So how many of these safety challenges that you guys were working with are about the infrastructure that you’ve been talking about? You know, the roads, bridges, driveways. And how many of these challenges are about the people who drive on them? Most notably, the people who are working in those regions?
Michael Martin (06:59):
Yeah. That’s a perfect question for this project, because oftentimes in a situation like this, the traffic engineer may just look at how the roadway is built. Some of the geometry, physical aspects, the volumes, stuff like that. But in our case, we knew that the users played an important role, right? It’s not the roadways crashing into each other, if it’s people on the roadways crashing into each other. And so with the connected vehicle data and the in-vehicle monitoring system data — IVMS — we were able to pull out and observe driver behaviors in the environment in which they were crashing and having accessibility issues.
Bernie Fette (07:41):
You’ve got a road network that wasn’t built for such intense, heavy use. And you have drivers who are in many cases young. Perhaps very tired from very tiring work. And because again of their age, statistically predisposed to risk taking.
Michael Martin (08:01):
And also time is money. Yeah. It’s, they’re in a hurry. Right, right. Because if you don’t get to it, someone else will get to it.
Bernie Fette (08:07):
Right. Yeah. Drivers operating vehicles that are big and heavy under time pressures, et cetera, what could possibly go wrong? Is it fair to call this a perfect storm?
Michael Martin (08:18):
I think a lot of things aligned just right. Yeah. For these issues to be exacerbated by each of the points that you just made. And so you can’t just look at the physical infrastructure to try to solve some of these problems. You really do have to look at some of the behavior issues. Now, the data we use, it’s not tied to individuals. I wanna make that very clear that we’re not prying into anybody’s private life. We are simply looking at generalized behaviors that are occurring on a roadway segment or at a particular location. We don’t care if it was Joe Bob or Jane Doe. If we see high levels of hard braking at a particular location, along with a lot of rear end crashes, very likely to be strong relationship there, something is going wrong. And oftentimes when you see those sort of overlapping issues, it doesn’t tell you exactly the solution.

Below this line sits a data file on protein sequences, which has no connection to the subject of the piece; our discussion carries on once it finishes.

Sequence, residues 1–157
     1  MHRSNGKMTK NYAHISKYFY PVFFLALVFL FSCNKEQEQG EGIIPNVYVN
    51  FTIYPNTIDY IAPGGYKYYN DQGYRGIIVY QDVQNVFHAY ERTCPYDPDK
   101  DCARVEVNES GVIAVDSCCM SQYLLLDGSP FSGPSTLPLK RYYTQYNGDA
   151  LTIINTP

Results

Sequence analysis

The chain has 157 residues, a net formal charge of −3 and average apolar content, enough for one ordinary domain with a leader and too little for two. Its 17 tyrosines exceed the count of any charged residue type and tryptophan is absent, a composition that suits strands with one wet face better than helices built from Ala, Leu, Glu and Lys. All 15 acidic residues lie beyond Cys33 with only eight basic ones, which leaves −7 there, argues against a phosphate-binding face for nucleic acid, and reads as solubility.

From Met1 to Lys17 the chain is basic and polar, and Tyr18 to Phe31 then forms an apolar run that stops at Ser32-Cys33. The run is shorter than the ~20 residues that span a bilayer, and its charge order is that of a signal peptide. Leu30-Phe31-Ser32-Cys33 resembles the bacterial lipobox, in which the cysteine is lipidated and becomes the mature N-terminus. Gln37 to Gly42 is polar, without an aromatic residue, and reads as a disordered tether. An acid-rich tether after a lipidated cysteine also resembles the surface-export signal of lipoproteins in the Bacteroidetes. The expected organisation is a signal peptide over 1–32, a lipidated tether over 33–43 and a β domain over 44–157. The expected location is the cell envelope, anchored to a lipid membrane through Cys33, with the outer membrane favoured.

Michael Martin (09:14):
It just kind of highlights the problem, which 50, 80 mile long corridor narrows down, where you focus your efforts because we have a limited pot of resources to apply to these problems. So you have to be strategic. And that’s what we did. So we take crashes. We take the physical aspects of how the roadway was built. We take how many people are driving out there. And then we pull in behavior and overlap those layers, those on a map where you see problematic conditions overlapping, those are your target locations. That’s where you start to focus your efforts as opposed to, oh, we have a big problem of your, you know, the squeaky wheel gets the oil. Right. And so with this, it’s more of a data-driven approach and you can do a full-length corridor analysis in a matter of a month. And that timeframe is important because if you collected the data traditionally, by going out in the field, that would be far longer.
Bernie Fette (10:09):
So it sounds like what you’re doing, the layering approach that you’re taking is really giving a much clearer picture of the complexity of the problem. And to borrow your reference from just a moment ago, you’re giving some degree of intensity to just how squeaky the wheel is.
Michael Martin (10:30):
Yeah. That’s right. And whether or not the issue actually exists based on what we can see.